For 3 years, it ran in the Greeley Tribune. Since then, it has run in various subsidiaries of the Douglas County News Press. I still have most of my columns in digital format.
For many years, I only gave myself one rule: try to work the word "library" into every piece. My intent was to think in public about just what librarianship means at the end of the 20th century and beginning of the 21st.
There have been many advantages for me. I found that putting library plans out in front of the public, and getting feedback about them, helped me make better decisions. Sometimes, I found that it was very difficult for me to describe those plans or policies -- the kind of thing that makes me realize that they might not be good ideas after all. The weekly discipline of explaining my profession to the public keeps me more mindful, more honest. It also has provided steady visibility for the library and its issues.
February 26, 1997 - Nicky Mead and More
I talked to a fellow recently who told me he once attended a funeral and a wedding on the same day. He said it left him feeling ... odd. I think I understand.
Saturday, February 22, I attended the dedication of the Genevieve Nichols Mead Community Room, at the beautiful new Virginia Village Branch of the Denver Public Library.
Genevieve, known to her many Douglas County friends as "Nicky," was the mother of our Douglas County libraries, founded exactly 30 years ago. A little over 20 years ago, she moved to Denver, where she worked for the Denver Public Library and became an vital part of the Virginia Village neighborhood.
The lovely community room, funded by over $15,000 of local contributions, was standing room only. The Denver School of Arts String Ensemble played quietly in the adjacent children's room. One of the speakers was Laura Christensen, President of the Denver Public Library Commission, who praised Genevieve's spirit of service.
Next, Susan Casey of the Denver City Council spoke about how a childhood meeting with a librarian was her first encounter with a professional woman in a managerial role. She spoke movingly about how many lives Genevieve may have inspired, how many young women for whom she was a life-altering role model.
I spoke briefly about her contribution to Douglas County's library system. I also expressed the hope that the people who will use the new community room in Virginia Village will continue Genevieveís tradition of bringing people together around a common cause, of working cheerfully and persistently to build a better community.
Finally, her son, Jay Mead, spoke on behalf of Genevieve's family. I suppose it's not surprising that such an extraordinary woman had such intelligent, articulate, and gracious children.
That same night, I attended a second community event. But this one, frankly, was much sillier. It was part of Parker's Celebration of Literature: a light-hearted murder mystery. This occasion, one of several events sponsored by the Parker Cultural Commission, was sold out. I heard that 110 people were in attendance.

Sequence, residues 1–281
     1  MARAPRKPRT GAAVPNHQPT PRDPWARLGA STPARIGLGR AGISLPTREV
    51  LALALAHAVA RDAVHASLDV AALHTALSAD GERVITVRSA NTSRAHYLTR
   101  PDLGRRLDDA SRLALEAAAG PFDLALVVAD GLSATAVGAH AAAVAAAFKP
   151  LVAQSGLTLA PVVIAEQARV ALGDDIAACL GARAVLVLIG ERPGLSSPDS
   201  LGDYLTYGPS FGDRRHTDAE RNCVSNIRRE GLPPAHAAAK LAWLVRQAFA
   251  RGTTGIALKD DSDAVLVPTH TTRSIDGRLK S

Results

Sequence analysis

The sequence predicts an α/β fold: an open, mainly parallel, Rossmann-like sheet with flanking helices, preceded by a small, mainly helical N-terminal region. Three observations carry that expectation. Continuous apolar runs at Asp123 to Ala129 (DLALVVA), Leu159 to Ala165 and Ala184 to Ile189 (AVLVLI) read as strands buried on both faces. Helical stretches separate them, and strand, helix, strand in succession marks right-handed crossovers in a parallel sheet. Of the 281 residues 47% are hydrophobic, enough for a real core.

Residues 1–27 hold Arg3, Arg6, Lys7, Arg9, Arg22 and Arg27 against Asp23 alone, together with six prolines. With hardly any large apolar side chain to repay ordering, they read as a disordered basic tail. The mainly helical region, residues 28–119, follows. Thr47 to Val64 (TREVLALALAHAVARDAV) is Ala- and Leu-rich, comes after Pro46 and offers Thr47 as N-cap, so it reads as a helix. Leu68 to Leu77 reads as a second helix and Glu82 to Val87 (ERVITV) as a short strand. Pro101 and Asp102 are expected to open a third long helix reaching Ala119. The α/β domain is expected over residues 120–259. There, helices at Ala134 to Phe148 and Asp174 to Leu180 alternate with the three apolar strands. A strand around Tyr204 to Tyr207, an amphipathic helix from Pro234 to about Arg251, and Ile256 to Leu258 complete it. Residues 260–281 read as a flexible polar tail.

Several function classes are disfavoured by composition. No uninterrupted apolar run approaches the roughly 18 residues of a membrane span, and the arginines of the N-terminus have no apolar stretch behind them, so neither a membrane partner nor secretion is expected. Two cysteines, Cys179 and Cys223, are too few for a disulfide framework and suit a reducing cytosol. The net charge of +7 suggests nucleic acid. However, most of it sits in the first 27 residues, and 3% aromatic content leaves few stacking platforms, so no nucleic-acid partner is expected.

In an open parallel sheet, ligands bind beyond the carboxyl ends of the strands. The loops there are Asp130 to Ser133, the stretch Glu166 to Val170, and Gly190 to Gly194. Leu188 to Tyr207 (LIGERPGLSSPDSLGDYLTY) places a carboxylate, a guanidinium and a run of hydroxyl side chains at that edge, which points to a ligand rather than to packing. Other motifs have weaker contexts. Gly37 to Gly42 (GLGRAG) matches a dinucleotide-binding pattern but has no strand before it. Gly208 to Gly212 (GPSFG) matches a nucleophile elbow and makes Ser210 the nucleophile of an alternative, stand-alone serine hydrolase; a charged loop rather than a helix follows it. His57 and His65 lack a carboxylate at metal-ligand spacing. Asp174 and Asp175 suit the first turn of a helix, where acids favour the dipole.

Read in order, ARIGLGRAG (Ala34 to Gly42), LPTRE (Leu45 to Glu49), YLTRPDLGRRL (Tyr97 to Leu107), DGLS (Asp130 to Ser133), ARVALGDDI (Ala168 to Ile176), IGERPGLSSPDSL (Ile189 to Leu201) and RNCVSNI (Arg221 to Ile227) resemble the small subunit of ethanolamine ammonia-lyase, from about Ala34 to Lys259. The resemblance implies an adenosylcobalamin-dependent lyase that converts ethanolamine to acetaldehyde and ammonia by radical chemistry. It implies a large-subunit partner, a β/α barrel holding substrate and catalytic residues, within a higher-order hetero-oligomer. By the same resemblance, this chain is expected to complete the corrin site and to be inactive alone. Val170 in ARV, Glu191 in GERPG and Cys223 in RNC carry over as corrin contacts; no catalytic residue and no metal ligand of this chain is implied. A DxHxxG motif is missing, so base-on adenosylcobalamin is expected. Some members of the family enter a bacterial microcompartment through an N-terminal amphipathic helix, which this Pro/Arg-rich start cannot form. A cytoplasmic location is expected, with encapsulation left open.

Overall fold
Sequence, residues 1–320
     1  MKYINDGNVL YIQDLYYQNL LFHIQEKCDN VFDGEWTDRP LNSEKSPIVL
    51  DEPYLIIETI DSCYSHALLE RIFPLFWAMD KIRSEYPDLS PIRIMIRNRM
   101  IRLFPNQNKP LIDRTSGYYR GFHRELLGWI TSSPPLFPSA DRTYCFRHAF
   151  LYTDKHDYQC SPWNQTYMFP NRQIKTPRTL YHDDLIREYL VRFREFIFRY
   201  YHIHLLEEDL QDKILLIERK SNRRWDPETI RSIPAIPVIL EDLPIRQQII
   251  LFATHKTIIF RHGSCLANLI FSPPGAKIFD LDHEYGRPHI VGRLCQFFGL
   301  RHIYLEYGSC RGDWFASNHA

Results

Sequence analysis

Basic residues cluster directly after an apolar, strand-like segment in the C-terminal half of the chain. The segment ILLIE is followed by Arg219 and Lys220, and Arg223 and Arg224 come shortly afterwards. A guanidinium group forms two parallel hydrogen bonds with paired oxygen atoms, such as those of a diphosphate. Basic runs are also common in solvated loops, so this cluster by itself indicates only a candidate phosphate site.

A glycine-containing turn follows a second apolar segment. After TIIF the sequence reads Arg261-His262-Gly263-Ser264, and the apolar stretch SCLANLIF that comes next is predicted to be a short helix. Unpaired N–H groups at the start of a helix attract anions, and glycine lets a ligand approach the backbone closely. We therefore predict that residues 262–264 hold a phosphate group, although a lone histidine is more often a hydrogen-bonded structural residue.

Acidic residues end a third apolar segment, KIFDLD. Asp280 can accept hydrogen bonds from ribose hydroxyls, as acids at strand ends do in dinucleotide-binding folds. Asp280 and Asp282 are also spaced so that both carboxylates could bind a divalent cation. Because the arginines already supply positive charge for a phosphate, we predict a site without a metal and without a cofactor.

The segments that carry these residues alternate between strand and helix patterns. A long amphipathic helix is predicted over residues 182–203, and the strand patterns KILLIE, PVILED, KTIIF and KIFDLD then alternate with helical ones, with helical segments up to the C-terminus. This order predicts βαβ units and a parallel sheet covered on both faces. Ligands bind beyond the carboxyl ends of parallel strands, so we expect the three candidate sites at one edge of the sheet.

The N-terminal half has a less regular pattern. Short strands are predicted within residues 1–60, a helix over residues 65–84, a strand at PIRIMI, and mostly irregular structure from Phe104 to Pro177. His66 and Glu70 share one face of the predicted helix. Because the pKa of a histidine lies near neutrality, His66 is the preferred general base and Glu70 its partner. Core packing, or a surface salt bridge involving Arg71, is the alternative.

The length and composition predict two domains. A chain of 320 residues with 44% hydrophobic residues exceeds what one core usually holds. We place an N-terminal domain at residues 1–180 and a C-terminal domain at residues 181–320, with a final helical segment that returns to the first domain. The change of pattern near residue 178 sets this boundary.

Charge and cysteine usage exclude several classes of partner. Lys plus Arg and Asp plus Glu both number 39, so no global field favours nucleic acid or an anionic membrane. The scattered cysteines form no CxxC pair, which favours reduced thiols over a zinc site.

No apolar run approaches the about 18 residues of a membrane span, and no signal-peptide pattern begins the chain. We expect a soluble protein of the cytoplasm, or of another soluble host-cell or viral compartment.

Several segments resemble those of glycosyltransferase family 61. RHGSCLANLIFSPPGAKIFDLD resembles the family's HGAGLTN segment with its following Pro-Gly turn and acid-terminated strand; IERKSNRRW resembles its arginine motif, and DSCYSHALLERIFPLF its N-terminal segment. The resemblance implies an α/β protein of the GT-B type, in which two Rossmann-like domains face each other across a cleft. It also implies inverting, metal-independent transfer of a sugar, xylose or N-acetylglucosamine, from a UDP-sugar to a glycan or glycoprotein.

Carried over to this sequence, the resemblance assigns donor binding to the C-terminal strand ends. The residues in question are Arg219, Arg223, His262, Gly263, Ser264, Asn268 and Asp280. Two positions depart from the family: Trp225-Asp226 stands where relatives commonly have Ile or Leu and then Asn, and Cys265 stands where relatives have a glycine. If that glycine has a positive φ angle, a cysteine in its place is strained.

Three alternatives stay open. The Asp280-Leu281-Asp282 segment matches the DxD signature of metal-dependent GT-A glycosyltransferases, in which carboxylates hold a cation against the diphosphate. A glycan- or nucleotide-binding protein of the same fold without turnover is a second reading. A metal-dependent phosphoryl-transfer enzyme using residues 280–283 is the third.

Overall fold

The Parker Library proved to be a great spot for a play. There's a natural stage just west of the circulation desk; and the Mainstreet area was perfect for the buffet.
The script came from Tom and Penny Warner, of Danville California, but was edited to include many local references and characters. And I do mean characters. Frank Yaeger (Parker Water and Sanitation District) was most impressive, in drag, as Ms. Page Turner. Debbie Lewis (Parker Town Council) was an utterly fetching and dramatic Alexa Dynasty, diva of the trashy mini-series. David Casiano (of the Cultural Commission, I believe) was Dell Doubleday, the brisk, big-city publisher. And Chip Stern (Town Council) was right out of the 60's as the romantically challenged Dalton B. Walton, bookseller.
When author Miss Agatha Mystery (the Parker Chamber's Mary Looney) staggered to her hilariously long, drawn-out death, investigative matters were attended to by Chief Sam Slayed (a correctly costumed Tom Cornelius of the Parker Police Dept.), with the befuddled assistance of Detective Blind Side and Sergeant Speed Trap, whose real names shall remain, mercifully, unreported.
Other folks included Parker Library Manager Patt Paul as Lotta Books (librarians just don't dress like that anymore), Aden Hogan (Town Administrator) as the flag-waving Mr. Short Term, and David Aldridge (Town Council) as the cigar-chewing, fashion-disabled Mayor Ron Bonzo. They were all a delightful, if utterly suspect, lot.
I even had a small part myself as "Rocky," Alexa's lounge lizard fourth (fifth?) husband. I put almost $3.00 of greasy kid stuff into the act, and in my modest opinion, it was worth every penny.
The audience may not have been overwhelmed by our troop's acting ability. They were, I hope, entertained.
The Celebration of Literature, funded in part by the Scientific and Cultural Facilities District, is clearly catching on. It's a mystery to me how they can improve on this year's activities.
But I bet they do.